The strength of some of the work comes from the idea of strength in numbers. Everything had to be ratified by three other people. By the time something was completed we all felt really strongly about it. That kind of confidence imbued the work.
How did the Incomplete Triangle come about?
The Incomplete Triangle was just a mix of ideas. But that was the point—we had lots of different interests. We were listening to demos we made and finding the recurring themes, and then categorizing them. The categories were based on Ancient Greek court music. They wouldn't really play songs—they would play modes: War, Rest,  and Celebration. That’s is the structure of the album.

'Metal on a Gun', The Incomplete Triangle, 2002

It was a surprisingly listenable album. 
We wanted to make work that was superficially seductive—pretty on the surface but still allowing the listener to delve as deep as they wanted to. Hopefully the deeper they delved the more rewarding their experience would be. I remember that was an overarching thing that we'd come back to.
It was pretty different from the music being made at the time.
You have to remember at the time Peaches was the most popular thing. You'd go out and people would be playing Peaches or Outkast. We wanted to do something that was a little more serious feeling. We wanted it to be old, quiet, and dark. 
My favorite tracks have totally changed over the years. At the beginning I was really into the first part of Incomplete Triangle. Now I'm like all about the techno parts. 
That's cool. We can only hope for something like that. The first record was surprising to people that so many genres were touched upon. By the second record people were more ready for that. Then we did a record of hip hop remixes.
What was the reaction to the music?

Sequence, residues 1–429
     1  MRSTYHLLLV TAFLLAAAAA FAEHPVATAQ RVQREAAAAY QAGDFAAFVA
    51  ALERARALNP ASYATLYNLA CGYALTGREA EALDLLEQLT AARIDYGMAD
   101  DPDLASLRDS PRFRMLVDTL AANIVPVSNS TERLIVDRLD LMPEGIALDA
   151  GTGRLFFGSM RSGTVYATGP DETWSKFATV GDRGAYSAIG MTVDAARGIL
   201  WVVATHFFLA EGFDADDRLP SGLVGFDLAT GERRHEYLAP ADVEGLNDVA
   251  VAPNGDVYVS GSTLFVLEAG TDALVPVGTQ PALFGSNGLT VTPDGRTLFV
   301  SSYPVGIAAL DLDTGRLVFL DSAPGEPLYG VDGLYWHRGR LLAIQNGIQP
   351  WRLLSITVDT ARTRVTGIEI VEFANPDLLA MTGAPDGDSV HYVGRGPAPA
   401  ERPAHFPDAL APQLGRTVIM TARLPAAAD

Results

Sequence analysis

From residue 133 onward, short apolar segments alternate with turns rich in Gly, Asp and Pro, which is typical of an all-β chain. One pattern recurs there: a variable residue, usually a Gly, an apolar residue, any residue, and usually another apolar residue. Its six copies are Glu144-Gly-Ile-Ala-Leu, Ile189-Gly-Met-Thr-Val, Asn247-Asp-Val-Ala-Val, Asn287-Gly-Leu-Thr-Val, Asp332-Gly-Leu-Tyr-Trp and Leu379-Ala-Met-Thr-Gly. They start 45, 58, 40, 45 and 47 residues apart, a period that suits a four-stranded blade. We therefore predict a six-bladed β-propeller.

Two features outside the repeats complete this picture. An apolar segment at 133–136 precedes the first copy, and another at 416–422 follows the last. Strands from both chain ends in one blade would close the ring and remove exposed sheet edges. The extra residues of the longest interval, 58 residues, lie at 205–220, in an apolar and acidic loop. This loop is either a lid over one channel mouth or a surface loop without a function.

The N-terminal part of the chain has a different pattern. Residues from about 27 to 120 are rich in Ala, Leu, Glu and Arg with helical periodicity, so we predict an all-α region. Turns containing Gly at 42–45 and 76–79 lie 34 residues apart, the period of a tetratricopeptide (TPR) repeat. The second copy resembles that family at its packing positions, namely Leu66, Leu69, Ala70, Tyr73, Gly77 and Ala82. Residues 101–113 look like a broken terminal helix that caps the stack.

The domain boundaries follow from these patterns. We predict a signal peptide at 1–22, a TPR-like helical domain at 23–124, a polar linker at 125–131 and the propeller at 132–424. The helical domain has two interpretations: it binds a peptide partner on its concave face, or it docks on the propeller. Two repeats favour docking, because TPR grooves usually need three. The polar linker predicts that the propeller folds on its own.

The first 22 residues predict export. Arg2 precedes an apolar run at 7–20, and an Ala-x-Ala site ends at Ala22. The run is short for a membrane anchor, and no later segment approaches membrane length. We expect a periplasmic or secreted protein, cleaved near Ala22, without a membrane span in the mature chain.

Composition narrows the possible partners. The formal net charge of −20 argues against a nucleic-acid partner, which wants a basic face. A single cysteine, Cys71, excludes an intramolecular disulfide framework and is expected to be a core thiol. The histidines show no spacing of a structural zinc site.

We always had great reaction. Everyone pretty much liked and respected what we were doing, to the point it had the ability to be ripped off, which was really the greatest honor. There was a certain point where someone made a fake website of ours trying to bash us. It felt really amazing that someone would spend the time to do that.
Did you get more attention for your music than your art?
Music is easier for people to digest in general… But all the press for the music was really bad. It was always less about the music and more about the company. Like the Pitchfork review.

'What Was Once One', Rivington Arms, 2006

I totally wrote to the Pitchfork reviewer and defended you at the time. They barely mentioned the music.
Someone told us from within the walls of Pitchfork that it got a lot of mail. It's just so funny how insecure people are about how they feel about art. Sometimes it seems people just want everything to be the same shit. In general the art was more positively received than the music was, but to a smaller audience.
But the music is what's really lived on you know.
Because music is just a file you download and you can listen to it whenever you want.  It's more of an effort to look and think about art. 
There wasn’t much crossover in the audiences.
There was a block specifically because Jay-Z wasn't talking about Picasso and dancing with Marina Abramovic either at the time. There was so little overlap. At the time it was a big thing that Fischerspooner was working with Deitch Projects. 
Can you remember how many shows there were, or live performances? 
Fifteen at the most. They varied. One time we had two drummers. One time we painted a guy white and had him do some performances for us in Miami.
Was that an actor or was that somebody you knew?
That was an artist we knew that could draw well. There was a lot of overlap with his work and we felt he was perfect for the role—which reprised his role in a music video. It's good to mention that piece just to show that we have had a sense of humor at different points in the trajectory of our project.

L-D Ambassador (Clip 2), 2002

From Sex Magazine #6 Winter 2014
Labelled Music